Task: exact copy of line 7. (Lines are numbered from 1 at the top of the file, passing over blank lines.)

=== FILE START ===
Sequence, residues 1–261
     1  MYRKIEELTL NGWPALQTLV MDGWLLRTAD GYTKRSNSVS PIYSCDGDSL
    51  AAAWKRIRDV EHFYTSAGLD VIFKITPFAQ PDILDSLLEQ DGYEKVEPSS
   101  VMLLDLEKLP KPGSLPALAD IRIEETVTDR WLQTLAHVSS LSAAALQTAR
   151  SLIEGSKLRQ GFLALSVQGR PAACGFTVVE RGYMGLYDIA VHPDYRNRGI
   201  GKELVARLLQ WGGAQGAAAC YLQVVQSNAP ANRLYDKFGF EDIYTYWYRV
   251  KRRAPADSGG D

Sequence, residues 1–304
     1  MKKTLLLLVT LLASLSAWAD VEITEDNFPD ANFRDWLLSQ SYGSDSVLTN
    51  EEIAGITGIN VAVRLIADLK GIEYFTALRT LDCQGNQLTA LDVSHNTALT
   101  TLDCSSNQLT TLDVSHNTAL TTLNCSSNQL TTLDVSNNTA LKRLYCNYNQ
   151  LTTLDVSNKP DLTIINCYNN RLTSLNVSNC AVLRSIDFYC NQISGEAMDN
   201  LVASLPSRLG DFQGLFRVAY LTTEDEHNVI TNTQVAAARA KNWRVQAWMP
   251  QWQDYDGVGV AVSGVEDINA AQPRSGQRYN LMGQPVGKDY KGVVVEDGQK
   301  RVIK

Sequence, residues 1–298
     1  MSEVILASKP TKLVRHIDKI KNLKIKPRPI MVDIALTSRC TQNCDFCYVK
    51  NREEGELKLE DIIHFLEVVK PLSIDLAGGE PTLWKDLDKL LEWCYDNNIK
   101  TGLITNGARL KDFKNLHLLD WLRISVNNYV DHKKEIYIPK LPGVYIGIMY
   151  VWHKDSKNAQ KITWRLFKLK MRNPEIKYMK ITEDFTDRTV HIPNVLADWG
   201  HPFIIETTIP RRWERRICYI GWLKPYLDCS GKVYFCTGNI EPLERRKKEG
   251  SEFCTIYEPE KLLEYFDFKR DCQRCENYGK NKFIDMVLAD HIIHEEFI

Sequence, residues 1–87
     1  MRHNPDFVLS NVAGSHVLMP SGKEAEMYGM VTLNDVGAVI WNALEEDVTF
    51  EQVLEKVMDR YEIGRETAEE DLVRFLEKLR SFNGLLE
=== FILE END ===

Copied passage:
   251  KRRAPADSGG D